Written by: Ben Begley, Renee Dorian
Directed by: Andy Palmer
Starring: Robert Englund, Clint Howard, and Candice de Visser
Reviewed by: Brett Gallman
Murder is all part of the show.
The Funhouse Massacre is the sort of title that obviously wants to conjure up memories from a distant, bygone era where a killer cover art and memorable hook might be enough to separate a film from the hordes of slashers resting on a video store shelf. While the competition in this sub-genre is currently much less stiff and the mode of delivery much different, the aim still seems more or less similar: here’s another splatter movie looking to attract eyeballs by promising mounds of rubber and latex gore, plus an assortment of familiar faces to complete the nostalgia trip. This is a film that has no pretenses beyond delivering a sort of rose-tinted, farcical take on a genre that’s probably already had enough homages. Even though the tributes are unlikely to ever outnumber the titles from the genre’s golden period, it’s starting to feel that way, and The Funhouse Massacre is a somewhat exhausting effort in this already tired trend.
To its credit, it’s trying its damnedest to impress—hell, at certain points, I was convinced it was made exactly for me. It features Robert Englund as a warden at a shady, backchannel mental institute that houses the worst of the worst, including a quintet of notorious serial killers. One is a deranged taxidermist played by Clint Howard, while another is a psychopathic former professional wrestler who was committed after he “accidentally” snapping too many necks in the ring. Eventually, another psychopath masquerading as a journalist (Candice De Visser) breaks her fellow maniacs out of the asylum on Halloween night before letting them loose on a local funhouse attraction, where the typical assortment of gruesome sights and sounds will be all too real.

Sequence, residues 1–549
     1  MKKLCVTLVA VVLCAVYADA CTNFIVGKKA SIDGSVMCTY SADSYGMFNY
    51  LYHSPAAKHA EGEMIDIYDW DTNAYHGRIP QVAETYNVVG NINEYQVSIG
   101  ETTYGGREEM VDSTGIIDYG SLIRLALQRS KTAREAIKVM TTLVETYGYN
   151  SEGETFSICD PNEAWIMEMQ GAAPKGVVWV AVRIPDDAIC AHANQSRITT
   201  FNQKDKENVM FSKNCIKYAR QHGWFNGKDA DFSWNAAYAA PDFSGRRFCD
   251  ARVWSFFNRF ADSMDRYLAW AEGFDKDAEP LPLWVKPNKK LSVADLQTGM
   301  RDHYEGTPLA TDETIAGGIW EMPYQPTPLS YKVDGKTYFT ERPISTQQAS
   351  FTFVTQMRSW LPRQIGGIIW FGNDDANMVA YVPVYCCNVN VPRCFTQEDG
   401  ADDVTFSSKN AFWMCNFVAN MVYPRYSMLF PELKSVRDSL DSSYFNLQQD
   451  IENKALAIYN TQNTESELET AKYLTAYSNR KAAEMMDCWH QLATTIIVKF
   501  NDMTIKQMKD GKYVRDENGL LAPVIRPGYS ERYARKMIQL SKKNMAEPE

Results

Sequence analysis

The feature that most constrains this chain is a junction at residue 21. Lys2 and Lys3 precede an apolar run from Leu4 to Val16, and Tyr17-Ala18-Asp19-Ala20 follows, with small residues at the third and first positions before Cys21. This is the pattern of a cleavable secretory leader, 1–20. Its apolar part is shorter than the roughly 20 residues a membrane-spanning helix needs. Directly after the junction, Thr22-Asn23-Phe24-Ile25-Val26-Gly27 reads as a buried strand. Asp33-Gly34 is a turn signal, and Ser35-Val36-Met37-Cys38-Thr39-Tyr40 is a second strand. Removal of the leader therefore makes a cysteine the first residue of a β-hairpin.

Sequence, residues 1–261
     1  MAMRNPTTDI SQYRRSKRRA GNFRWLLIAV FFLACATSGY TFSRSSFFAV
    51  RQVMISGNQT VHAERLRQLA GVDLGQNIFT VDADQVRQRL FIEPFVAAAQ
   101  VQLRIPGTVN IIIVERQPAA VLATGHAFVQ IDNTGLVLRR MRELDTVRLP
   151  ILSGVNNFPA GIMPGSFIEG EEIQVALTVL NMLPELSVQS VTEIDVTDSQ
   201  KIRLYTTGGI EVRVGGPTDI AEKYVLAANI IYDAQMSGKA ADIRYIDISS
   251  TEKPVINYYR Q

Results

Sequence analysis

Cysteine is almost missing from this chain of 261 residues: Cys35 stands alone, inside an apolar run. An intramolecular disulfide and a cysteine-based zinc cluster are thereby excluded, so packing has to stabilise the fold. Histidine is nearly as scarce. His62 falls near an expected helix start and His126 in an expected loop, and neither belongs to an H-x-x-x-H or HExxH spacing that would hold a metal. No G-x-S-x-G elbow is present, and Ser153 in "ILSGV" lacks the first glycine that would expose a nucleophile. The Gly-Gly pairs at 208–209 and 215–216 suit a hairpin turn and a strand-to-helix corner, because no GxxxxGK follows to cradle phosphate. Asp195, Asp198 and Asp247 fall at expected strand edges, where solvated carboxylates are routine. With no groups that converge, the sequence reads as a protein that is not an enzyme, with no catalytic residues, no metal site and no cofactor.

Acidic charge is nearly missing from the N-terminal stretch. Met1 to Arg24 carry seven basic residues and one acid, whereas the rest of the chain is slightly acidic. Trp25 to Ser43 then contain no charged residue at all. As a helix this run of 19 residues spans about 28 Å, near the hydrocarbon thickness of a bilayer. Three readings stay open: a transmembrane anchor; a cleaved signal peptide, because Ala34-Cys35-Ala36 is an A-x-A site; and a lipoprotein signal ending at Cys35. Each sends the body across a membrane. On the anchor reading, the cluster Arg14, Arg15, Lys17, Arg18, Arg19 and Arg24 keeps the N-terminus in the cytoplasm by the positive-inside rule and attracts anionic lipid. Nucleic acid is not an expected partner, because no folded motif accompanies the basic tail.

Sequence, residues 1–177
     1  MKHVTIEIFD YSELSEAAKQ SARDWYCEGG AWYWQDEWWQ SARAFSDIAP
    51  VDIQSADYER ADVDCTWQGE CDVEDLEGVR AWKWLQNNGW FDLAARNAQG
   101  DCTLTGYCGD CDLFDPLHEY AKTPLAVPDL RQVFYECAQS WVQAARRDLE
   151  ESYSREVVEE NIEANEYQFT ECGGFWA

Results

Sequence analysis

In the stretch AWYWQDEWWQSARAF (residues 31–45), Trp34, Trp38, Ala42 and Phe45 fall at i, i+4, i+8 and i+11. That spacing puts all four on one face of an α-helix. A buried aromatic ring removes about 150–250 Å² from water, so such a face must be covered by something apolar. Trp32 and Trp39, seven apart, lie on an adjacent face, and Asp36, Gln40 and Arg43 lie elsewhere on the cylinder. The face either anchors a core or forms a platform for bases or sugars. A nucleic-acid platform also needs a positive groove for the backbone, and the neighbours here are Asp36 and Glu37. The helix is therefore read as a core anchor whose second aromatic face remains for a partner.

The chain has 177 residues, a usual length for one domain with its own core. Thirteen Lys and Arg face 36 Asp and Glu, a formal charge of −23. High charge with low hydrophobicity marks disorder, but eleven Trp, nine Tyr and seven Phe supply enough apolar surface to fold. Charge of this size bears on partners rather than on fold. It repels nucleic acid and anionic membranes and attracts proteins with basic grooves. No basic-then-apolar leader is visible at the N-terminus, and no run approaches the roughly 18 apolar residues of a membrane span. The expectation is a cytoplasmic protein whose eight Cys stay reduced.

Seriously, if I were inclined to ever make a slasher movie, I imagine my brain would spill forth at least a few of the components at play here. I am a documented sucker for anything that takes place around Halloween, especially films that take place at the rural, local haunts that dot the landscape around that time of the year. The Funhouse Massacre pushes a lot of my buttons, so much so that it almost can’t miss. For a while, it looked as if that would be the case because it unfolds with a gory, reckless abandon, going so far as to dispatch Englund within the first ten minutes. Sure, it’d be nice if he stuck around for the entire runtime, but knocking him off early on at least signals a certain amount of ballsy irreverence—if one of the genre’s most revered actors can’t make it past the first reel, who else could possibly survive?
Of course, the more pertinent question will be whether you’ll care who survives. Considering this genre, it’s not surprising that the audience is eventually saddled with a cliché set of characters, including “nice guy” Morgan (Matt Angel), who pines over his sweet co-worker Laurie (Renee Dorian). They’re joined by a perpetually horny couple whose fates are determined the second they’re introduced fucking off-screen, while their cook friend Gerardo (Erick Chavarria) provides comic relief (not to mention a ride to the grisly house of horrors). This isn’t the worst, most obnoxious bunch to ever be assembled for a slasher movie, but they’re no less disposable, particularly when the film takes on an increasingly glib tone. (It doesn’t help that an early scene at the diner finds them spitting into a customer’s food, which is honestly a grosser implication than any of the more outlandish grue on display.)